Whenever I launch Poser or DAZ Studio, I'm amazed at how much fun it is to create photo-realistic images without cameras, lenses, studio strobes, backdrops--and perhaps most amazingly, without props and models.
Because I come to 3D from a photography/Photoshop background, I usually render each figure in a scene separately and composite them in PS. I'm envious of artists who can compose a complex scene in a 3D app and then create a final image in a single render.
I’ve been dabbling in Poser since about 2003, and added DAZ Studio to the repertoire a few years ago. I tend to bounce back and forth between the two programs, since each has distinct advantages and disadvantages depending on the project.
For digital painting I use a Wacom Ituos 3 Tablet. I recently added a Wacom Cintiq 13HD Touch Display. The Cintiq is, in effect, a Wacom Tablet combined with an LED screen. When you paint, you can actually see your stylus as it lays down a paint stroke--which is very cool! Unfortunately, because of graphics card issues, at the moment it only works with my MacBook.
Aside from MacPaint on the Macintosh Classic, my first true digital paint program back in the day was Corel Painter X. I've regressed to the easier to use Painter Essentials version.
A couple years ago, I discovered Studio Artist 4, a strange and immensely complex digital paint program. It has hundreds of presents, a handful of which are actually useful. SA4 can “auto paint” a scene in a brush-stroke style that you create, then allow you to step in and manually rework important areas.
I’m also constantly experimenting with other digital paint and rendering software, including Snap Art, Topaz and Filter Factory 4.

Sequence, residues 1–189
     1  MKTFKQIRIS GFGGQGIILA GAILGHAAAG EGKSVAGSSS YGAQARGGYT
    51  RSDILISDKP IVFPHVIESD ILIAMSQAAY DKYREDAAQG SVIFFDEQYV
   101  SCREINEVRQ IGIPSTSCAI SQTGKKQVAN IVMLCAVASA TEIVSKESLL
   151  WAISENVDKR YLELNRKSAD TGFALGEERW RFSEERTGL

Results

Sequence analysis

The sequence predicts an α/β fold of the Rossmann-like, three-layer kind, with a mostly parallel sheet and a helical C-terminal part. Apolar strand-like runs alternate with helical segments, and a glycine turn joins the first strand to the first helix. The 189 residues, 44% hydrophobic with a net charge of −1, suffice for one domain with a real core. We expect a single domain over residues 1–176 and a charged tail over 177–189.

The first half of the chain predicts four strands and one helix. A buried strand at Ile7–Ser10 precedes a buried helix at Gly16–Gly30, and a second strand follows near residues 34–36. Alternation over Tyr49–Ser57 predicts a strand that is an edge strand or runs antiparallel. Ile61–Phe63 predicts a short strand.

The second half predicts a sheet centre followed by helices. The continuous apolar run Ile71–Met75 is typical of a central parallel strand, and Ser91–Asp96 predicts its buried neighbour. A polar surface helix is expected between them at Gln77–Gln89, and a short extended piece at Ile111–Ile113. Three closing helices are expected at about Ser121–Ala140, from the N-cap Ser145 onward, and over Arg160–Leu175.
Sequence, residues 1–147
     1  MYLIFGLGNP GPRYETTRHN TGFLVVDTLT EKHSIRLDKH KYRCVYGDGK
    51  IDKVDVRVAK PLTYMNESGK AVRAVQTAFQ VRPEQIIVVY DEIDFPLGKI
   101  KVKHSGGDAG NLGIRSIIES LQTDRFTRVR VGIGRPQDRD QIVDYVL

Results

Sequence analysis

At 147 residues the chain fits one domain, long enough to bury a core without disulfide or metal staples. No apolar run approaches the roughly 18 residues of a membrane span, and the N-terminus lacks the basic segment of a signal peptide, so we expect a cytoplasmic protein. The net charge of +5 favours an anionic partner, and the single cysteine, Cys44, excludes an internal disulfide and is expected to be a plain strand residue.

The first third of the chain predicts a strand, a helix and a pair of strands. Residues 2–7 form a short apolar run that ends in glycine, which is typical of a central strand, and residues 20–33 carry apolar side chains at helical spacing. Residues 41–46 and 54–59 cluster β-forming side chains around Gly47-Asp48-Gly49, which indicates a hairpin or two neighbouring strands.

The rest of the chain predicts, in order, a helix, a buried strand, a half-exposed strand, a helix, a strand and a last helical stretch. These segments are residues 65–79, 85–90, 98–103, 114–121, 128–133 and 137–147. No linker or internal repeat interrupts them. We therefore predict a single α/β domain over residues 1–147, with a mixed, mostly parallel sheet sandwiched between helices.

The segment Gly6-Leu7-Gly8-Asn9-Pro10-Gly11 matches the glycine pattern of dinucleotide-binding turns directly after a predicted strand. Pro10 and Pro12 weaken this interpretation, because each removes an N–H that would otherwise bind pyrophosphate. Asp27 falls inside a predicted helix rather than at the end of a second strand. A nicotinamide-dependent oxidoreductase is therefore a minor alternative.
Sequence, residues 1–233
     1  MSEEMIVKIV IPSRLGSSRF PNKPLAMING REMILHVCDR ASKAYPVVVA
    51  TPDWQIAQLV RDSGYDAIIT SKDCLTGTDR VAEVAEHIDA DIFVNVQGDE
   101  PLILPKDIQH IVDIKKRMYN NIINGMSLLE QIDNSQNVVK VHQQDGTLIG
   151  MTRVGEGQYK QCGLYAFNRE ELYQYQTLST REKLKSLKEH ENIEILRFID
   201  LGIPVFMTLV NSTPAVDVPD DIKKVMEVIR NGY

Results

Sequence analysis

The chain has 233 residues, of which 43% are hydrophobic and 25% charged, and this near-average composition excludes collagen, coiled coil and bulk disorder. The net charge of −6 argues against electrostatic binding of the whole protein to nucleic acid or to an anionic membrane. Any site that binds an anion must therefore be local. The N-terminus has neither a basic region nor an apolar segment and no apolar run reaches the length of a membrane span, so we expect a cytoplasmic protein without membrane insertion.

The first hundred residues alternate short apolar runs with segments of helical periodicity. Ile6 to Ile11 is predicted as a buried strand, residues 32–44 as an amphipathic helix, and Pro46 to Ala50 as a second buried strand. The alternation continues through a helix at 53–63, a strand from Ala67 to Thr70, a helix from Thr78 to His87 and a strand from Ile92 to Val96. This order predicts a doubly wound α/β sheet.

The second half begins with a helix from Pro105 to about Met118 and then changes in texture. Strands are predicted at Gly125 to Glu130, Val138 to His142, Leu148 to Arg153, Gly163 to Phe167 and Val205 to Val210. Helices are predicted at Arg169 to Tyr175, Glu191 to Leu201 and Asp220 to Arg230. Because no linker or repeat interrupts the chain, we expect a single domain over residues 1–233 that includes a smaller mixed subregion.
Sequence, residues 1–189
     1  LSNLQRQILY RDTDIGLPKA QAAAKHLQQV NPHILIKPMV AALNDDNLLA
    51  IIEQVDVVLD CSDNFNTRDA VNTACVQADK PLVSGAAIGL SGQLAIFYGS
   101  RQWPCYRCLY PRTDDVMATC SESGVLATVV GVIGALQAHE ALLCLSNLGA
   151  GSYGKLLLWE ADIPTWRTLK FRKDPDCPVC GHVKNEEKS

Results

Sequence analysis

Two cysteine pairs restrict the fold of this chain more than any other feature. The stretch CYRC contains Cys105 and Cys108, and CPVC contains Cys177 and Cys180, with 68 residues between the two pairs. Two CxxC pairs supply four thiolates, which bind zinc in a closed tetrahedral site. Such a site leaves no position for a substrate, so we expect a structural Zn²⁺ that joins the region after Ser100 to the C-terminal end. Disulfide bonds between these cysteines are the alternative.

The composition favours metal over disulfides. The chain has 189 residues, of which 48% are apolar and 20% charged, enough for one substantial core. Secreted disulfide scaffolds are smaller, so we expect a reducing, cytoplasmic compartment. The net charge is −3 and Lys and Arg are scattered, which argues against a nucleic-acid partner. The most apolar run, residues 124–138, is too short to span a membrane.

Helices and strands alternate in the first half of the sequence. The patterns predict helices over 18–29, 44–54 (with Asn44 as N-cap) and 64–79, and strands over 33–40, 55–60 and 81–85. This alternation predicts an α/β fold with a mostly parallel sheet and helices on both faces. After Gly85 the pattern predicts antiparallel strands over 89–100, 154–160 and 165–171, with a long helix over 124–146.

Another reason I work in layers is that I collect my projects and publish them in limited edition (i.e. half-a-dozen copies) vanity-press books that I circulate among friends and family. These are printed at very high-resolution requiring images that are 5000 x 4200 dpi. By rendering in multiple layers, I can apply higher shading rates and raytracing only to the key visual elements in a scene.
Before retiring a few years ago, I worked as a UPI wire-service photographer, a photojournalist with a couple hundred national magazine cover credits, a computer book author, and for nearly 20 years, a special-projects editor at Newsweek. I also spent some time on the faculty of an art school near NYC where I taught Photoshop part-time.
Back in the very beginning, in the Summer of 1967, while working as an intern in NYC, I stumbled into a major retrospective exhibit of Surrealism at the Museum of Modern Art.
I never really left.
Whatever else I do in art, I keep circling back to Surrealism, especially as expressed by Magritte, Ernst, Di Chiraco, and Delveaux. Not wholly unrelated to Surrealism is a fascination for the Steampunk aesthetic.
Poser/DS rendering is strictly a hobby. Working to deadlines and rigorous specifications would ruin the fun of it. Plus this is pretty much a Winter activity for me. My dedication fades as baseball season and bicycling lay claim to more and more of my time.
I've participated in a several different art sites, but find the supportive, rather laid-back atmosphere at Rendo to be the best match for me.
You can find a portfolio of my photography (last updated in 2006) at http://photo.net/photos/jimmcnitt. The online photo/art book printing service I use is blurb.com.
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